If you love role-playing games (especially old-school JRPGs like The Legend of Zelda or Final Fantasy) and would like to create your own, RPG Maker is an excellent game engine for the task. This engine was created specifically to simplify the development of RPGs by handling everything from crafting to inventory management to quests.
There's a chance that you've played at least one RPG made with RPG Maker, such as To the Moon, Finding Paradise, Corpse Party, LISA, or Skyborn. The latest version of this game engine, RPG Maker MV, runs flawlessly on Linux, and you can even download it through Stream.
If you decide to create a game in RPG Maker, you may want to purchase professionally designed tilesets, characters, animations, and music from the RPG Maker online store. Of course, you can also create everything yourself and give your RPG a unique look.
Suitable for making: visual novels
Ren'Py is a game engine for visual novels. It was used to make games like Doki Doki Literature Club!, Analogue: A Hate Story, Long Live the Queen, Dissolving, and Butterfly Soup. Games made with Ren'Py combine an engaging story with captivating visuals to create games that place storytelling above gameplay.
Ren'Py supports its own scripting language as well as Python scripts, and you can freely combine them to create everything from branching stories to complex simulation games. The quickstart does a great job of walking new Ren'Py users through the process of creating a simple game, so make sure to check it out.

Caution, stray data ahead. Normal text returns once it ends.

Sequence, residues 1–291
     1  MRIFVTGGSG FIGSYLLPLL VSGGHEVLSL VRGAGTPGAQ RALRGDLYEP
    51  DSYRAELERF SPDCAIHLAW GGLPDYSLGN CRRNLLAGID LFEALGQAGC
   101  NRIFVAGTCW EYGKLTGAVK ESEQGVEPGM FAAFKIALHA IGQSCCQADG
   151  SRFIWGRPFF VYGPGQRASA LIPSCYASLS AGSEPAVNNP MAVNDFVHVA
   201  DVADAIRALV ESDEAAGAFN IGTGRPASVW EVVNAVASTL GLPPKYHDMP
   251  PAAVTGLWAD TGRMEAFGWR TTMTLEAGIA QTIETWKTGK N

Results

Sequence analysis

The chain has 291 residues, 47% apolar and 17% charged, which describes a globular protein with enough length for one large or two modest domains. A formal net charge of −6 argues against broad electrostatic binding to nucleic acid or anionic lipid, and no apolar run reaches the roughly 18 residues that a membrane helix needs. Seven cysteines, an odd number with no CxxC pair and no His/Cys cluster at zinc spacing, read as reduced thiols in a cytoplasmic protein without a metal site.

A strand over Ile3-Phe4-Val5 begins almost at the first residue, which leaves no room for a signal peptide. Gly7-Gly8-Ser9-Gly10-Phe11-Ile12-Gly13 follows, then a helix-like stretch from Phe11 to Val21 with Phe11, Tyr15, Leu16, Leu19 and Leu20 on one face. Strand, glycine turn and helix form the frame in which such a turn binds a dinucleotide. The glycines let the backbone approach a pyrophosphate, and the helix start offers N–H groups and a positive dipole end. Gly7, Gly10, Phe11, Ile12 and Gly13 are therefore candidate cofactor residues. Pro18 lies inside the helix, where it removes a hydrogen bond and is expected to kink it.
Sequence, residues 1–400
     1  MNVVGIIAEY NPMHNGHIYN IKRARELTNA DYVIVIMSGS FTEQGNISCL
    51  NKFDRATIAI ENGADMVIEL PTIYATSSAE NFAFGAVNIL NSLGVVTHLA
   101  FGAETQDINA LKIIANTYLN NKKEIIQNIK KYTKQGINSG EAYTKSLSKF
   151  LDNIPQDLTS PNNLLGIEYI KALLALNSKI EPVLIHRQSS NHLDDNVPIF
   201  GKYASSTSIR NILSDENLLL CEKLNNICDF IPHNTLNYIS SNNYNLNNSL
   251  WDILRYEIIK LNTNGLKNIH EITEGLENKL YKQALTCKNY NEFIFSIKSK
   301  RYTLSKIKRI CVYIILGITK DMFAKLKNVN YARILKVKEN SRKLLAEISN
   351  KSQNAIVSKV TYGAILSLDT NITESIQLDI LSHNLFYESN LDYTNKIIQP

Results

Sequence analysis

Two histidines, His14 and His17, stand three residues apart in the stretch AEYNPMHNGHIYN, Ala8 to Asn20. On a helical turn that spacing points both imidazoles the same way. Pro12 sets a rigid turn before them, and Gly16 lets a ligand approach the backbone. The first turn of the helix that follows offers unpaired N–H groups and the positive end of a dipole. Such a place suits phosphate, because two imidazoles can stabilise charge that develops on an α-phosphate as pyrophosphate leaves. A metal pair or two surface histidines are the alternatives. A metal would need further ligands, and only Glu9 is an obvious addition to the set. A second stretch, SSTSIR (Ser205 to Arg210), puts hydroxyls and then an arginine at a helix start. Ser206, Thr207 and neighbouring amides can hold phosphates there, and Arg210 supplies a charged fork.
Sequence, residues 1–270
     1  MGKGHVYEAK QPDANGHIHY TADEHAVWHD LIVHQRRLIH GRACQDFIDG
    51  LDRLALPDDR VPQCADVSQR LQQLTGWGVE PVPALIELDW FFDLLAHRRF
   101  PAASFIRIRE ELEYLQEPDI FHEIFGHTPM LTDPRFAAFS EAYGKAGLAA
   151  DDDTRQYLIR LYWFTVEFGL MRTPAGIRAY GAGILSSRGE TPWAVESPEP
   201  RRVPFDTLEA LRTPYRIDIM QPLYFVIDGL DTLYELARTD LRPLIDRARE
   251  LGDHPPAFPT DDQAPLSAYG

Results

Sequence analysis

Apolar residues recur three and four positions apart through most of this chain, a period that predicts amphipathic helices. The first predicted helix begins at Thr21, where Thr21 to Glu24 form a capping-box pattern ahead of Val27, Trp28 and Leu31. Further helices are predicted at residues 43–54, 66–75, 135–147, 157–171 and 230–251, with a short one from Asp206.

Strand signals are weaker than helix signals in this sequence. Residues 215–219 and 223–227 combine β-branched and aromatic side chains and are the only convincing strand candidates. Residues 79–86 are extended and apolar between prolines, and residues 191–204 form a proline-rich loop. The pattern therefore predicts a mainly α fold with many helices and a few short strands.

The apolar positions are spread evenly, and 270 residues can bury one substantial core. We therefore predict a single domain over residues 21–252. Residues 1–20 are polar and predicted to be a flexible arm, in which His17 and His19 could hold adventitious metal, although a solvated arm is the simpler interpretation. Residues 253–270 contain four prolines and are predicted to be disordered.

Suitable for making: text adventures
Twine is an open-source game engine for interactive stories. To create a game with this engine, you don't need to write any code whatsoever. All you need is an idea for a story and the ability to tell it in a captivating way.
Developing a game on Linux isn't any more difficult than developing a game on Windows or macOS. In fact, Linux users benefit from easy access to countless native and third-party programming tools, most of which are free and open-source. To embark on your own Linux game development journey, all you need to do is pick a suitable engine and let your creativity flow. Some Linux game engines require no programming skills whatsoever, allowing anyone to experience the magic of game development without having to first spend hundreds of hours buried in books.